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Facebook, Inc. Rebrands: It’s About to Get a Whole Lot Meta

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Facebook CEO Mark Zuckerberg announced a full rebrand of his $1001 billion company at the Facebook Connect 2021 event on Oct. 28. 

A press release introduced the new company as Meta and defined it as a “social technology company” that will unify all of the Facebook technologies and applications, such as Oculus and Instagram, under a single brand. Their mission is to “help people connect, find communities and grow businesses.”

In his most recent Founder’s Letter, Zuckerberg said that the change is meant to reflect the dynamic nature of the internet. From Facebook’s beginnings as a desktop platform for text, he feels that the internet has become much more immersive. Meta strives to take that one step further by blurring the distinction between the physical and virtual worlds. 

The Meta homepage outlines technologies that the company will utilize to further its mission, such as virtual reality (VR), augmented reality (AR) and smart glasses. 

Meta’s mission is to challenge the belief that technology has created distance between people and the world around them. 

“Instead of getting in the way, [your devices] are gonna give you a sense of presence,” Zuckerberg said.

According to Zuckerberg, this feeling of presence is one of Meta’s defining features. Innovations are being developed to bypass the current limitations of technology, namely in its inability to detect the subtleties and nuances of human communication and connection. 

Zuckerberg’s approach to this barrier would be the creation of avatars. Zuckerberg describes them as a parallel to today’s profile pictures, but “living 3D representations of your expressions and gestures” that make them more personalized and dynamic. Users could have multiple avatars for different purposes, such as a professional or realistic one for work settings and a stylized one for hanging out with friends.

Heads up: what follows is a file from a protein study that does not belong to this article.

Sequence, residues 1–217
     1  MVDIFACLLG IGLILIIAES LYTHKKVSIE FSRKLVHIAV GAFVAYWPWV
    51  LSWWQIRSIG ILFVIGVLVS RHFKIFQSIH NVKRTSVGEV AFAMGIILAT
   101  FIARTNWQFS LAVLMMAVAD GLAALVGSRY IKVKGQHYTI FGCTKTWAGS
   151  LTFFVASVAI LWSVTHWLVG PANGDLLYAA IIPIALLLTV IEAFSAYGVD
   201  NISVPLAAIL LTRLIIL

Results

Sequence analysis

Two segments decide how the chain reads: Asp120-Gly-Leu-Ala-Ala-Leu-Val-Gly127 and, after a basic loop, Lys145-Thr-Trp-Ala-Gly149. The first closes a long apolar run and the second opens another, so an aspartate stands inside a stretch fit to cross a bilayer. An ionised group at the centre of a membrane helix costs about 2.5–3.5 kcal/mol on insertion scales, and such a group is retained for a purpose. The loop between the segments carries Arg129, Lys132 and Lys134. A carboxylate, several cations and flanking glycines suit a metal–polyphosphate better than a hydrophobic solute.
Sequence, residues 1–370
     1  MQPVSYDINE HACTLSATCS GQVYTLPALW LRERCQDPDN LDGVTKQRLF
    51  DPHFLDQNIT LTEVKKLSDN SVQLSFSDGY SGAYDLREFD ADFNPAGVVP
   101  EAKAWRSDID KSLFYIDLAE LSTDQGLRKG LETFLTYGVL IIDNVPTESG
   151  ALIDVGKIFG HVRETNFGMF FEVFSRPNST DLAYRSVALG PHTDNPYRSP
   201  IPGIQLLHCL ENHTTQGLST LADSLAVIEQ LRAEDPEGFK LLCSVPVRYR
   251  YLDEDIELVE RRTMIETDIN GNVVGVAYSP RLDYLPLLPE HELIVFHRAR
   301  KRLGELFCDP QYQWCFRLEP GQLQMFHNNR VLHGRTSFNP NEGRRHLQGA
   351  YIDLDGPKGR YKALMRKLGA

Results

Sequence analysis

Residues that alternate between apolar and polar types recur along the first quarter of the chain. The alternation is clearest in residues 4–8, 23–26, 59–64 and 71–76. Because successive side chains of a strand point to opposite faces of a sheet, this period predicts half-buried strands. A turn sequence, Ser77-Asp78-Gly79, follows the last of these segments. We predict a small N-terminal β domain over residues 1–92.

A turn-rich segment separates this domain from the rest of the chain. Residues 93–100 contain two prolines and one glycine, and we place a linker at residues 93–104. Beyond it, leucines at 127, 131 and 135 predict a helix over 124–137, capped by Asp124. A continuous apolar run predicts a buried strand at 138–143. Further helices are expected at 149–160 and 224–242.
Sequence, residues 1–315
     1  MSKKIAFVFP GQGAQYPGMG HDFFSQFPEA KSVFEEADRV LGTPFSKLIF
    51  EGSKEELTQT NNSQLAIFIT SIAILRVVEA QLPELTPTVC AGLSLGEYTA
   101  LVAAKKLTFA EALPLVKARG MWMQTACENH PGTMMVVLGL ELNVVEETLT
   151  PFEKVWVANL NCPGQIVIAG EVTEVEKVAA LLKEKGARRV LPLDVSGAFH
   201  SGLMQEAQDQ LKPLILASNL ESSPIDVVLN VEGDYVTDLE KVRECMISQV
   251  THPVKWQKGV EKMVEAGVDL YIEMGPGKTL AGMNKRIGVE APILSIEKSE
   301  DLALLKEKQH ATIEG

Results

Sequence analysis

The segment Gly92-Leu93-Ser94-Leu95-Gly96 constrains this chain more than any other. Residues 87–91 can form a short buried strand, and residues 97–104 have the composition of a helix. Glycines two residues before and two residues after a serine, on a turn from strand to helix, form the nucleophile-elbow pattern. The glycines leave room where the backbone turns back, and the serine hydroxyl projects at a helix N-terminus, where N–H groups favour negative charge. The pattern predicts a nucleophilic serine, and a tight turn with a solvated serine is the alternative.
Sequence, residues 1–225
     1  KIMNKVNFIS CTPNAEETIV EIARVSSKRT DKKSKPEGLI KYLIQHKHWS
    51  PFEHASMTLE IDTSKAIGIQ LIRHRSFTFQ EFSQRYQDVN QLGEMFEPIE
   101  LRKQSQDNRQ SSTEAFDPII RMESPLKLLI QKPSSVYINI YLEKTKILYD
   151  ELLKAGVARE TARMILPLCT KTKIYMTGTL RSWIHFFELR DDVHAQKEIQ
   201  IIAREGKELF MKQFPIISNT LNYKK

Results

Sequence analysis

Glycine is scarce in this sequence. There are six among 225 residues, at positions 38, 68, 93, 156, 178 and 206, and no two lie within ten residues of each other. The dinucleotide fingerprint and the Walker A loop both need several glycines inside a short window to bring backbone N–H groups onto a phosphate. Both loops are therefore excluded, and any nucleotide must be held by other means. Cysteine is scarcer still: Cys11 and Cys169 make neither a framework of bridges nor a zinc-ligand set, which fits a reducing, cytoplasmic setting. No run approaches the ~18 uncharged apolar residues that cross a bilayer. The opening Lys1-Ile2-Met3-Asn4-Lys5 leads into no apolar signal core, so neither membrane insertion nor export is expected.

“You are going to be able to bring things from the physical world into the Metaverse … and you’ll be able to take your items and project them into the physical world as holograms too,” Zuckerberg said. “Lots of things that are physical today, like screens, will just be able to be holograms in the future.” 

Navigating between physical and virtual spaces will be facilitated by a multitude of devices, such as phones, computers, smart glasses and smart goggles, according to Zuckerberg. 

Users will be able to interact with others in the Metaverse in the platform Horizon, which can be accessed through an Oculus Quest headset, a VR headset that is already widely used for gaming. This platform is currently in beta stage and includes Horizon Home, where users can create or choose their own virtual home space. According to Zuckerberg, Meta has released a social version of the platform in beta, called Horizon Worlds, where users can invite friends to hang out or build worlds together. 

Beyond the social implications of Meta, the Facebook Connect 2021 presentation displayed how the Metaverse can be applied in almost any aspect of human life, even education. 

According to Meta Chief Business Officer Marne Levine, students will be able to study and learn anything in the Metaverse. For example, medical students and doctors will be able to practice new surgical techniques on patients in VR, and students learning history will be able to visit different places and time periods. 

A fully-fledged Metaverse is still five to 10 years away according to Zuckerberg; however, the company’s goals give the field of technology several goals to work towards.  According to Levine, Meta is setting $150 million aside “to train the next generation of creators to build immersive learning content and increase access to devices.” 

“While a lot of this may seem like science fiction, we’re starting to see a lot of these technologies coming together,” Zuckerberg said. 

To learn more about the Metaverse, watch the recording of the full Facebook Connect 2021 event here
Lauren Le is a STEM intern for the Fall 2021 quarter. She can be reached at